By Karl Henkel | The Detroit News
Michigan’s improving economy is expected to reduce the teen summer unemployment rate by more than 2 percentage points this year from a year ago, the state predicted Tuesday.
From June to August, 6,700 more teens will find work, lowering the teen jobless rate to 26.4 percent this year from 28.6 percent in summer 2011, the Michigan Department of Technology, Management & Budget said. The state forecasts 211,500 teens will find work this summer.
But the state warned that finding work during the summer remains tough.
“The teen summer labor market is highly competitive,” said Rick Waclawek, director of the Bureau of Labor Market Information and Strategic Initiatives. “Large numbers of teens enter the work force in a short time period seeking a limited number of summer job openings, and this summer may face additional competition from older workers. However, if teens start looking early and remain persistent, their chances of obtaining summer jobs can improve.”
Agriculture, amusement and recreation parks, department, grocery and retail stores, hotels and restaurants are among the top summer job industries, according to the report.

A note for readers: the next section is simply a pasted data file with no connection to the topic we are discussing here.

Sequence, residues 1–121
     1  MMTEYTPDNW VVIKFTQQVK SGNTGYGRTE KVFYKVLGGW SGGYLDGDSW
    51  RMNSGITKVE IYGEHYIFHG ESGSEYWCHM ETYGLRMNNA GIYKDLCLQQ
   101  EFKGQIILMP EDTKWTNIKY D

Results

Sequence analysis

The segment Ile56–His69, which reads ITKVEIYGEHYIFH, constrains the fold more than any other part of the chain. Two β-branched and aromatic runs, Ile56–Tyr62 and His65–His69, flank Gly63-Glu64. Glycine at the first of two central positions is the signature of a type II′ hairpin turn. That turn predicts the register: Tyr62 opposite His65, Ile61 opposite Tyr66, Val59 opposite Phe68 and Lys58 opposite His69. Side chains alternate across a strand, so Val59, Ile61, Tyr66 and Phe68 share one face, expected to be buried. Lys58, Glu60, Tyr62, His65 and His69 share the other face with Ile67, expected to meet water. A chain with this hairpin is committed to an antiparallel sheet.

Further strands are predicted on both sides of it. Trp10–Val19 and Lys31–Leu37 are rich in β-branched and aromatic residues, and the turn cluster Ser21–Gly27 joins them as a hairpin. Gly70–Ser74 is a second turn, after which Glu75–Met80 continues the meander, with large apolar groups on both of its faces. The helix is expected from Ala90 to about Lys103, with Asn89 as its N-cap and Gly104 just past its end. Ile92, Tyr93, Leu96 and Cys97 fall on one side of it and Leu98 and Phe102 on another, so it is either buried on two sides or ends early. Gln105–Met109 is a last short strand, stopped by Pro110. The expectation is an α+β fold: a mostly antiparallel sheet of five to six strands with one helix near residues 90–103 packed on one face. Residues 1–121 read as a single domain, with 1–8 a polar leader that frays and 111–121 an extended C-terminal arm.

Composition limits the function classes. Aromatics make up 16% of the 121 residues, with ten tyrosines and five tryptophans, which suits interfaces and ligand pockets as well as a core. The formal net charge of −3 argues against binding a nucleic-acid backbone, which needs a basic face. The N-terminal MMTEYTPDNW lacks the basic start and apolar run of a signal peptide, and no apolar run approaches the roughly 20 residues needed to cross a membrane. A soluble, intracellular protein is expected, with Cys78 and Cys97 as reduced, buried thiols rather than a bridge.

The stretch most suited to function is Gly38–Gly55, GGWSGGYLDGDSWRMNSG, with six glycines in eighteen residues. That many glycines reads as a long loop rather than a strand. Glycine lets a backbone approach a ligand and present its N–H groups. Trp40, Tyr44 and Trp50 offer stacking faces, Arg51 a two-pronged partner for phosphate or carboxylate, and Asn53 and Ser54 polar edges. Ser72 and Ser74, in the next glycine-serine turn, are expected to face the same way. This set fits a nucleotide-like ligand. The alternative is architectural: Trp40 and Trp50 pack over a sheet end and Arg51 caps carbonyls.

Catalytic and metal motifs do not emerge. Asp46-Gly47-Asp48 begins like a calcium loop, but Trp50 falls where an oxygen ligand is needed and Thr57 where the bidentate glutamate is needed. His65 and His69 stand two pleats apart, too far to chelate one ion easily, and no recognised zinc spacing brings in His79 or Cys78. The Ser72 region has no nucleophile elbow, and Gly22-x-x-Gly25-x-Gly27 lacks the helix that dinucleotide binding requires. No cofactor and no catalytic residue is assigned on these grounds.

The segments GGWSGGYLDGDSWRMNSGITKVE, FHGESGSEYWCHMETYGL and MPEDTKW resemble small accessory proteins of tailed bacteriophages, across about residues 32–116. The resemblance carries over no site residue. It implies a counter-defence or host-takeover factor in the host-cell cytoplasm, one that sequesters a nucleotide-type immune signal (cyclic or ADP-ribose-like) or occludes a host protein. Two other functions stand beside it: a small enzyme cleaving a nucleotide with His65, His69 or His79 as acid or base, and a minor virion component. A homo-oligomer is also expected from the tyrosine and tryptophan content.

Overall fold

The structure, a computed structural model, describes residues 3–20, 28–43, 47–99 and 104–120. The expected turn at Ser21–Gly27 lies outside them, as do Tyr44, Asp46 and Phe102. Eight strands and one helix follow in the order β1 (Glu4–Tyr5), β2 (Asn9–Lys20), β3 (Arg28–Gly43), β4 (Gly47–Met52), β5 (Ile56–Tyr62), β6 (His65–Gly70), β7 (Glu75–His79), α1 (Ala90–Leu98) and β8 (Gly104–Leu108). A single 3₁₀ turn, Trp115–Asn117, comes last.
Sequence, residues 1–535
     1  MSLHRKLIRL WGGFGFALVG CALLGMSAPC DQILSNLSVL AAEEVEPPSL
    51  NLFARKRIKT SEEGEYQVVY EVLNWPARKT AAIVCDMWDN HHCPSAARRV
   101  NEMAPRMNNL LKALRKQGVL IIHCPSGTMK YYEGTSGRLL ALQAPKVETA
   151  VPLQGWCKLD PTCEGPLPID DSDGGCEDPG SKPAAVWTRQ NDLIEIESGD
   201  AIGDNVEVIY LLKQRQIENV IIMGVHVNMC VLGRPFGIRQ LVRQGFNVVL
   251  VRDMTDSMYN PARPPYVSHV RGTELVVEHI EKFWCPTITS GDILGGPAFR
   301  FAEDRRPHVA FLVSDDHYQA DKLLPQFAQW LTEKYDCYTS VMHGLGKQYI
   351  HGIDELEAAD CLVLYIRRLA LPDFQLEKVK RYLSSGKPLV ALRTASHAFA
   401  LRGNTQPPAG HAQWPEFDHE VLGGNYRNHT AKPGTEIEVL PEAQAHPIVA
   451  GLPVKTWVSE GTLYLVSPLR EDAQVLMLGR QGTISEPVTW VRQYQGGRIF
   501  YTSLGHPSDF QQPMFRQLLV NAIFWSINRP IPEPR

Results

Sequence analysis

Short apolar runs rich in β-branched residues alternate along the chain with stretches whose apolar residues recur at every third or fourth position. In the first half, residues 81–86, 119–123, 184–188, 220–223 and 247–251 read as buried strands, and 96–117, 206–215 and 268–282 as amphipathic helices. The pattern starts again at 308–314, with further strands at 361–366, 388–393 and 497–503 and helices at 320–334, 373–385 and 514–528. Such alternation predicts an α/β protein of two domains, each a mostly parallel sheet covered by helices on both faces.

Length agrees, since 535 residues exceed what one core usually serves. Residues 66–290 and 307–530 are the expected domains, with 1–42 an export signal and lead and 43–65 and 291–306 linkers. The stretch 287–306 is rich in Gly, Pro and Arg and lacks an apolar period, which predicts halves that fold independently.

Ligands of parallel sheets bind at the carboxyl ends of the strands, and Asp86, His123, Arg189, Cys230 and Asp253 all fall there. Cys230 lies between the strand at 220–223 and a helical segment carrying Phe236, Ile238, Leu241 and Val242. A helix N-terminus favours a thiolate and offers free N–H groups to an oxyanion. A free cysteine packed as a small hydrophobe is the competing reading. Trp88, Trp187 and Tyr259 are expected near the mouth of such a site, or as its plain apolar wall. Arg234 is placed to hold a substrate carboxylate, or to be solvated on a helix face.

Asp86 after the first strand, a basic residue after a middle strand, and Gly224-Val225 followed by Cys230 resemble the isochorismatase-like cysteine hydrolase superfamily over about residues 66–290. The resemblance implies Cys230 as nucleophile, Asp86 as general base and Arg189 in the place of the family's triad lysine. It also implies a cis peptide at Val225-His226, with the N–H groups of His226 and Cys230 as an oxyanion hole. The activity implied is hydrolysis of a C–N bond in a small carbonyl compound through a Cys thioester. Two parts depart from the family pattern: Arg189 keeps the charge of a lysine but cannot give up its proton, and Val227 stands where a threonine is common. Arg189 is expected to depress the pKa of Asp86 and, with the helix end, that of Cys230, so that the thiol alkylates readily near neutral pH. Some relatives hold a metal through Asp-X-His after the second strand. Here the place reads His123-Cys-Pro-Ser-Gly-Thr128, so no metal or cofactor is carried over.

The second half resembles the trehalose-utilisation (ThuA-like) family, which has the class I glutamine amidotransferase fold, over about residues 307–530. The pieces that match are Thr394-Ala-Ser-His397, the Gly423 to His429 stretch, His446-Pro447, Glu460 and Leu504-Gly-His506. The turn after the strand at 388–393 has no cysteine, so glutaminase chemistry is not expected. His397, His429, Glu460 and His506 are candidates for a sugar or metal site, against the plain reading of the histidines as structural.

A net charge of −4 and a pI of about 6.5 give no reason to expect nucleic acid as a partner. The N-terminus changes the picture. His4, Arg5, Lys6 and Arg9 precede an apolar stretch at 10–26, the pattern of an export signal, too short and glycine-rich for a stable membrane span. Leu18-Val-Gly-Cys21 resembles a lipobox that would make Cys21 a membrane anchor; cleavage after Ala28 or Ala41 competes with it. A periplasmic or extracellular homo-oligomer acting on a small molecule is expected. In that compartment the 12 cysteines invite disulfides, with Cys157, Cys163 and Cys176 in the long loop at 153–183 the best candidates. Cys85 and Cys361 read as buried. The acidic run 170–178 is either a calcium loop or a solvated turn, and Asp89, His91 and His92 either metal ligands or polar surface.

The estimated 26.4 percent teen summer unemployment rate would be the lowest since 2008, when 25.3 percent of Michigan teens could not find work.
Those who can’t find a job can still pursue the growing trend of summer internships.
Wendy Pittman, executive director at Intern in Michigan, said the company has listed nearly 800 postings for summer internships, roughly 70 percent of which are paid.
“It’s a great step to learning real world experience,” she said. “The learning curve will be lower and the success rate will be higher.”
Chicago-based outplacement firm Challenger, Gray & Christmas Inc. said last month that it expects nationwide summer teen unemployment to fall, but to remain higher than pre-recession levels.
Michigan annually has a higher teen summer unemployment rate than the rest of the nation, according to statistics from the U.S. Bureau of Labor Statistics.
From The Detroit News: http://www.detroitnews.com/article/20120516/BIZ/205160331#ixzz1wPnbPj4h